Learning Disabilities – What, Why and How?
Only a decade ago, the term “Learning Disability” was virtually absent from the educational system in India. Even today, most teachers have of course seen it in the classroom, but unfortunately only a small number understand how serious it is, or know how to deal with it. Having a child with a learning disability (or “LD”) in the classroom can make a trained qualified teacher seem inadequate, and leave child and parents feeling bewildered, frustrated, overwhelmed and angry.
It is extremely important to reach out to the lakhs of teachers who deal with children afflicted by a form of LD in regular schools. They are the first professionals able to screen the children who are struggling in their classrooms, and a child’s chance for early assessment and support hinges on the ability of teachers to successfully identify it. All research in the fields of neurological development and education puts tremendous emphasis on the importance of early intervention; hence arming regular teachers with the ability to screen children “at risk” is critical.
Although there has not been an exhaustive study, the incidence of LD in India is likely at least between 10 and12 per cent of the school going population. This roughly means that in a given Indian classroom there are at least four children with LD. If not addressed, we stand to lose out on a significant chunk of the literate population from the future productive work force of the country.
One of the simplest and effective ways to expand and create awareness is by empowering teachers to be able to identify the early warning signs.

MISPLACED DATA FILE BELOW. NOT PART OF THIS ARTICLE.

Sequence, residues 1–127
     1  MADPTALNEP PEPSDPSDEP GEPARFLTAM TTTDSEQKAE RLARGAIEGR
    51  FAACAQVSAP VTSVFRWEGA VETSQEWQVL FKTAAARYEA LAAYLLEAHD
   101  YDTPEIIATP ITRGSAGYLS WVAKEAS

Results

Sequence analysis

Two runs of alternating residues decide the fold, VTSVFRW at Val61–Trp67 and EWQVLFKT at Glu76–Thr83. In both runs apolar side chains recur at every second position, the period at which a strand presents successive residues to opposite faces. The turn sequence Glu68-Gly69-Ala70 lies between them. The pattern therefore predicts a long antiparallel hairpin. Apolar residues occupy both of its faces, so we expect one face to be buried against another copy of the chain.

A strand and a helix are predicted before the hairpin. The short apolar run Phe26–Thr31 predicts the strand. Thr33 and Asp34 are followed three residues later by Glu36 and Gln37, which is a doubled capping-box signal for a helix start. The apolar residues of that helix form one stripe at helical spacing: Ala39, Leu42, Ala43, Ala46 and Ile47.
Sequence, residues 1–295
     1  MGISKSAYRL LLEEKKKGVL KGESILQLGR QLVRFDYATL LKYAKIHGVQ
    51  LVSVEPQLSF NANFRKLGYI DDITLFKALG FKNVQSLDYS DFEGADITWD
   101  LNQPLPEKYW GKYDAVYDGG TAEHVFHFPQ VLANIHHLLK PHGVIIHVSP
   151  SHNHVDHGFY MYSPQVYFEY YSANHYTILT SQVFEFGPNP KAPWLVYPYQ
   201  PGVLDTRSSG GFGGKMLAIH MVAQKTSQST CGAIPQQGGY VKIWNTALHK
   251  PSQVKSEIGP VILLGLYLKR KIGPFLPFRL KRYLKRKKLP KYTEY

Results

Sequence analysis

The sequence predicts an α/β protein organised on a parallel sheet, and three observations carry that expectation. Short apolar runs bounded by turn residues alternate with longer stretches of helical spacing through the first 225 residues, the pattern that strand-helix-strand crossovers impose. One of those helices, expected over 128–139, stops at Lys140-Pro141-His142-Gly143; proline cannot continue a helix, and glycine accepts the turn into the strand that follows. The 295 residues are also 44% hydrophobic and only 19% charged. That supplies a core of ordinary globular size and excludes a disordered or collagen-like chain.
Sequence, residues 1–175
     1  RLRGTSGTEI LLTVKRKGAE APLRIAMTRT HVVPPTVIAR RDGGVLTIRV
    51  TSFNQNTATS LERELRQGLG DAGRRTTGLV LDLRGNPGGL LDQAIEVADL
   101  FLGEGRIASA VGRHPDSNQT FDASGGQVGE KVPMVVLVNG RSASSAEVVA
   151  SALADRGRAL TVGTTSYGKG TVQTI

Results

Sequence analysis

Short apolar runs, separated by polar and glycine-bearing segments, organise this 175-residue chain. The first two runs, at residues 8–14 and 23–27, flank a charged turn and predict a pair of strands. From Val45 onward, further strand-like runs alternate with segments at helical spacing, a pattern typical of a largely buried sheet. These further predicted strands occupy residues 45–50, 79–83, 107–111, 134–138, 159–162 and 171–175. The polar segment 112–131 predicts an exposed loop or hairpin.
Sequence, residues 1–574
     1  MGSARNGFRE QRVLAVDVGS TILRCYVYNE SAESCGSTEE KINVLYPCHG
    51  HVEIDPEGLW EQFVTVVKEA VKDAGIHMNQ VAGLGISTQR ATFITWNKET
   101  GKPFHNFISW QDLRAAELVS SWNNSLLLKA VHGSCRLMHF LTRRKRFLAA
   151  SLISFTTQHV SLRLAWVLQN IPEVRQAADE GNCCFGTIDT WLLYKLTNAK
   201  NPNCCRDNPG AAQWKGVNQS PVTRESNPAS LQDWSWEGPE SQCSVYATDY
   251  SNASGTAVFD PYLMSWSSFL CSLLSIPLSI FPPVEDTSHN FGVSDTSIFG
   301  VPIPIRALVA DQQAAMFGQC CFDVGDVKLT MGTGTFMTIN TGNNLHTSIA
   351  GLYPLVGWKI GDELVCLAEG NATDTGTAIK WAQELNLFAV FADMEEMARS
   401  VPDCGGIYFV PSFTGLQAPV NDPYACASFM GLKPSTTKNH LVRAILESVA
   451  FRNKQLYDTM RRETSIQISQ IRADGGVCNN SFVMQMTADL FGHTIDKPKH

The biggest challenge that early identification of LD faces is that it is a “hidden disability,” presenting no physical manifestations or sensory markers. It’s not surprising that this often leads to bafflement as teachers and parents fail to recognize the signs in such children, and are unable to manage the internal struggles the child goes through as he or she stumbles to learn, adapt and socialize. The lack of awareness, fear of stigma of being labeled “disabled”, and shortage of sufficient equally distributed support and resources further compound the process of identification and screening.
One of the simplest and effective ways to expand and create awareness is by empowering teachers to be able to identify the early warning signs. Having said that, LD being relatively newly-recognized in India, there are still no clear-cut and commonly-accepted assessment procedures, policies or indigenous tools to diagnose LD in India. The problem is compounded by India being a multilingual country, and one in which basic education facilities are not available to a sizeable portion of the population.
In practice, most of the LD assessment and diagnosis follows the definition by the United States Government stipulated in Public Law 94-142 of Learning Disabilities.
“Specific Learning Disabilities means a disorder in one or more of the basic psychological processes involved in understanding or in using language, spoken or written, which may manifest itself in an imperfect ability to listen, speak read, spell or to do mathematical calculations. The term includes such conditions as perceptual handicaps, brain injury, minimal brain dysfunction, dyslexia and developmental aphasia. The term does not include children who have learning problems which are primarily the result of visual, hearing or motor handicaps, or mental retardation, emotional disturbance or environmental, cultural or economic disadvantages.”Federal Register, 1977, p.65083 (Karanth,2002).